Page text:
Recently, I had the pleasure of going on a Rioja DOCa Trade Tour, sponsored by the Consejo Regulador— the control board governing the wine region of Rioja, first established in 1925. Along with seven others, I was taken to some of the most well known Bodegas of the region, as well as some more off the beaten path. I learned a lot about Rioja, both the wines and the region. Not to be confused with the political region of La Rioja, the wine region of Rioja crosses political boundaries, with some of its bodegas and vineyards falling in the Basque country and Navarre. Made up of three subregions, Rioja consists of Rioja Alta, Rioja Baja, and Rioja Alavesa. The climates are remarkably different, from Atlantic/continental to Mediterranean. The heart of Rioja is the Ebro river, which runs from the northwest of Spain beginning in the Cantabrian Mountains and eventually empties into the Mediterranean Sea. Fed by 7 major tributaries each in their own sub-valley, it flows through Logrono (the capital of La Rioja) and Haro, where many of the most famous bodegas of the region are located (Lopez de Heredia, C.V.N.E.,La Rioja Alta, etc). Rioja is broken into three subregions, Rioja Alta, Rioja Alavesa, and Rioja Baja. While Rioja Alta has a continental climate and Rioja Baja has a more Mediterranean climate, Rioja Alavesa is right at the foot of the mountains and though similar to Rioja Alta, is often susceptible to very cold winds. There are many bodegas producing high-quality, traditional style Rioja, but it seems there are just as many producing more experimental wines. One interesting thing about the DOCa of Rioja is that while only certain grapes may be used, and how long crianzas, reservas, and gran reservas must be aged in oak and bottle, other than that there isn’t much to distinguish what type of wine you might get. For example, you may have a bottle of 100% Tempranillo and it’s labeled “Rioja,” or you might have a bottle of 100% Garnacha, which will also be labeled “Rioja.” Something exciting I discovered is that there is a lot (ok maybe not a lot, but more than I thought) of very high quality Rioja Blanco being produced. Sadly, not much of this is being exported to the U.S., with the perception being that the market doesn’t want it. Barrel aged 100% Viura is one of my new favorite wines, and with good reason: so much of it was exceptional that each time I had the opportunity to drink one I did. As a group, we mentioned to the that we’d love to have access to more Rioja Blanco, and hope that soon enough there will be more available for us to pass on to you. Of course we do have a few, with the most notable being the Lopez de Heredia “Tondonia” Rioja Blanco Reserva 2003 ($46.99) as well as “Gravonia” Rioja Blanco Crianza 2006 ($28.99). We also have, by an almost as well known producer, Marques de Murrieta, Rioja Blanco Reserva “Capellania” 2010 ($23.99). My favorite bodega visit was our final one, when we visited Senorio de P. Pecina, and it was the perfect ending to an excellent trip. I had requested that we visit this bodega because we carry a lot of it in the shop, and I was not disappointed. Truly traditional Rioja, there wasn’t a single bottle that I didn’t love, from the current vintage rose back through to a 1997 Rioja Reserva. I have been selling these like mad since my return, because I truly stand behind them. Currently we have: Rioja, Cosecha 2015 $14.99 Rioja, Crianza 2012 $19.99 Rioja, Reserva 2009 $27.99 Rioja, “Vendimia Seleccionada” 2006 $36.99 I believe that Rioja is some of the best value in the wine world, as a lot of the region’s wine-making techniques were learned from vignerons from Bordeaux who were trying to find new land after phylloxera hit. Gran Reservas from top bodegas and top vintages are still available for well under $100.00, and until the word gets out, this trend should continue.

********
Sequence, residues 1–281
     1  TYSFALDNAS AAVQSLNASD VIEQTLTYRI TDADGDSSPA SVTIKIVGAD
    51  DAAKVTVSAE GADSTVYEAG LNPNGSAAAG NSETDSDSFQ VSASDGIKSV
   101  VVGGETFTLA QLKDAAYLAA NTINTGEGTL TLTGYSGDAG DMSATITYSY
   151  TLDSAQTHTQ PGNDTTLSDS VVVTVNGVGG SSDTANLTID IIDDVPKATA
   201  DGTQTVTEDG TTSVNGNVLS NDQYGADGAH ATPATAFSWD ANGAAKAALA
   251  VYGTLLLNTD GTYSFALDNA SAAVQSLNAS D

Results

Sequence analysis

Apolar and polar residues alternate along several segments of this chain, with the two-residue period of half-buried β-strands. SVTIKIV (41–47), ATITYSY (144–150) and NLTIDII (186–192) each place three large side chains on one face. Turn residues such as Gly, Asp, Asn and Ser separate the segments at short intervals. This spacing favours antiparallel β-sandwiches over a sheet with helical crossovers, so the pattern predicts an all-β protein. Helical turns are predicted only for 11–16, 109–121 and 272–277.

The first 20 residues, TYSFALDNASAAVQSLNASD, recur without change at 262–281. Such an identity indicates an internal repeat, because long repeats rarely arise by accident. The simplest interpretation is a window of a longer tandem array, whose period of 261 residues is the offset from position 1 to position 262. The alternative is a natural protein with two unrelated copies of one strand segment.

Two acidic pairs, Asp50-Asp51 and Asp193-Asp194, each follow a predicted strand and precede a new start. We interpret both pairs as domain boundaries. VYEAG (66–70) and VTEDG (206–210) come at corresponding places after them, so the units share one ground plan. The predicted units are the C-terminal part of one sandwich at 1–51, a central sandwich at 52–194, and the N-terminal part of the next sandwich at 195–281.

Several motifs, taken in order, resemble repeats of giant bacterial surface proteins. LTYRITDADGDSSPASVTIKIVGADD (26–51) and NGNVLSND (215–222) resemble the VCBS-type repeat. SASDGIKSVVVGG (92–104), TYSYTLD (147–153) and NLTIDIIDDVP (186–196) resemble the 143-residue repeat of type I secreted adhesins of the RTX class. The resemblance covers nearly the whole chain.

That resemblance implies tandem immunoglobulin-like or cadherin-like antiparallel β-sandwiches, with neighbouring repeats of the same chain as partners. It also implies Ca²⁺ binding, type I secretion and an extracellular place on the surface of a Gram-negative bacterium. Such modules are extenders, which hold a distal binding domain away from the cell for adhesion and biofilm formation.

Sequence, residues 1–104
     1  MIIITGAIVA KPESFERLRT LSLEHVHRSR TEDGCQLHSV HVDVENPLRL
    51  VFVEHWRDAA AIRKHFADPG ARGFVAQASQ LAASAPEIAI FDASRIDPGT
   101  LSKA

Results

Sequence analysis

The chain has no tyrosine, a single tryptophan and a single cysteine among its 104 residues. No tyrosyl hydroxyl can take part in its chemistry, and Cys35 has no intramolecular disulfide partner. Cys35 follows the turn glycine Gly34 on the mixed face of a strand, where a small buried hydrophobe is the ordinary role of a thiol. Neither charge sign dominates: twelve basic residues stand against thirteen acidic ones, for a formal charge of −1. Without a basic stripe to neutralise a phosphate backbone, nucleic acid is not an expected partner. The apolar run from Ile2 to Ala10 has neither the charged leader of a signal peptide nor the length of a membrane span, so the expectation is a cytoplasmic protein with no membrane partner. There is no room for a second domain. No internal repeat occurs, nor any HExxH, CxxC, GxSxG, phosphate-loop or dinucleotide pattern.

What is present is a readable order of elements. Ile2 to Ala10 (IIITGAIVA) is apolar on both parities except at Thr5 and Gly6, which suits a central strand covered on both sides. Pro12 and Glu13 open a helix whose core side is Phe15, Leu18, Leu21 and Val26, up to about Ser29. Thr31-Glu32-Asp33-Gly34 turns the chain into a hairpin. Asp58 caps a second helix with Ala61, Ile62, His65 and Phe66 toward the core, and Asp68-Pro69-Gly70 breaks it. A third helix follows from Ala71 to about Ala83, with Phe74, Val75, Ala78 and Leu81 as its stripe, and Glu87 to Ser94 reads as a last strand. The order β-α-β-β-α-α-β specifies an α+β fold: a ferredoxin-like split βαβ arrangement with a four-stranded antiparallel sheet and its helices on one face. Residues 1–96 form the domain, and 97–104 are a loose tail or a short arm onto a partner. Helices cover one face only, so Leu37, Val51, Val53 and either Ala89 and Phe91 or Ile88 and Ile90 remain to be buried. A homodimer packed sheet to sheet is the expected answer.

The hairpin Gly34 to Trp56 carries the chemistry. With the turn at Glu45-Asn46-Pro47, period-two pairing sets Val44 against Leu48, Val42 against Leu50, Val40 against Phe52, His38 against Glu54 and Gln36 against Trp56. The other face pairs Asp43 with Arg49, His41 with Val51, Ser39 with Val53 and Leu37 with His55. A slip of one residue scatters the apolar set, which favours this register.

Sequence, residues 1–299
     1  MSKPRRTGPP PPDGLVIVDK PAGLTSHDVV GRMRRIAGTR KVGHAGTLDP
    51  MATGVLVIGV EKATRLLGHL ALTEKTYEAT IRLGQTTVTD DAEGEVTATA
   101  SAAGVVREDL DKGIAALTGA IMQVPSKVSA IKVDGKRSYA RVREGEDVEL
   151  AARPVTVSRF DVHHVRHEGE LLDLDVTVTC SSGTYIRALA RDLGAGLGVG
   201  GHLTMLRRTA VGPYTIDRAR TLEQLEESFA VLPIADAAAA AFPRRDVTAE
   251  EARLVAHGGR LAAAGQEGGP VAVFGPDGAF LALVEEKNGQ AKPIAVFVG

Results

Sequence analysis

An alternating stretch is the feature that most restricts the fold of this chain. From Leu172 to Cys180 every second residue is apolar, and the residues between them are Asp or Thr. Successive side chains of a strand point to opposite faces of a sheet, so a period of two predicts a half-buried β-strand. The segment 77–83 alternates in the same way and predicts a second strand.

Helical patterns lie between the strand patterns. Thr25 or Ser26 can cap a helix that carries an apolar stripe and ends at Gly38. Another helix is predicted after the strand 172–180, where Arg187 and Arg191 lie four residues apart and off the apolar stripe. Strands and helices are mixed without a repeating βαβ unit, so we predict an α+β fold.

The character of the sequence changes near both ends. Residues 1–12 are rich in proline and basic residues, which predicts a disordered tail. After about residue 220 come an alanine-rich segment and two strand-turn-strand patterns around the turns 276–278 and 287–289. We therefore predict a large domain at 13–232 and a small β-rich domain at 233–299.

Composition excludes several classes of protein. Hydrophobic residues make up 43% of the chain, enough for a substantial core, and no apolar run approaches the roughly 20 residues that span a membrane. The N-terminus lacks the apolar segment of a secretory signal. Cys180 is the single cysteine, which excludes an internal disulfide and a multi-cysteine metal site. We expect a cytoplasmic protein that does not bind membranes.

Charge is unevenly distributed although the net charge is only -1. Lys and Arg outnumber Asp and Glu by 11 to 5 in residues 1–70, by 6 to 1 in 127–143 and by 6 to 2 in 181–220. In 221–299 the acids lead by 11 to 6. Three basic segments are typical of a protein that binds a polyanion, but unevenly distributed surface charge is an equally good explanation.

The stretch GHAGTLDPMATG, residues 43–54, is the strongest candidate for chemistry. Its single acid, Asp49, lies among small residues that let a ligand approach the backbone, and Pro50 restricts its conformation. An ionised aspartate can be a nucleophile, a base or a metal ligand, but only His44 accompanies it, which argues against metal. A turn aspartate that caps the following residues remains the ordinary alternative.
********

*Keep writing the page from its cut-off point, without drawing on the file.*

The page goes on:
If you subscribe to our newsletter, you may recall a story we ran last year in our newsletter about "The Once a Year Marvel that is Rosenthal's Very Best Value." It was Fenouillet's red wine, an oddball blend of Merlot and Marcellan that's priced like a mass-market grocery store wine but made with love by a small family domaine. Right now we have a slightly different version of this marvel: Fenouillet's rosé. We tend to think of rosé as falling into one of two categories. There are the vins de soif (wines for thirst), light-colored rosés you drink as an aperitif on your rooftop, and vins gastronomiques, slightly darker rosés that pair well with food. The Fenouillet is somewhere in between, which gives it chameleon-like powers. It's so delightfully inexpensive that it would be a shame if you couldn't guzzle it whenever you're in the mood, on a rooftop or elsewhere. And you can! It's fresh and has an easy charm and it will make your afternoon better. But let's say you're drinking a bottle while preparing a seasonal Green Market meal, it would be a shame if you couldn't keep drinking the rosé right through dinner. Here you can! It's perfect with summer dishes from ratatouille to chicken salad to grilled swordfish. Fenouillet, VdP Rosé, 2016 - Fenouillet uses a more traditionally Provençal blend for this wine than their red: 50% Cinsault, 40% Grenache, and 10% Syrah.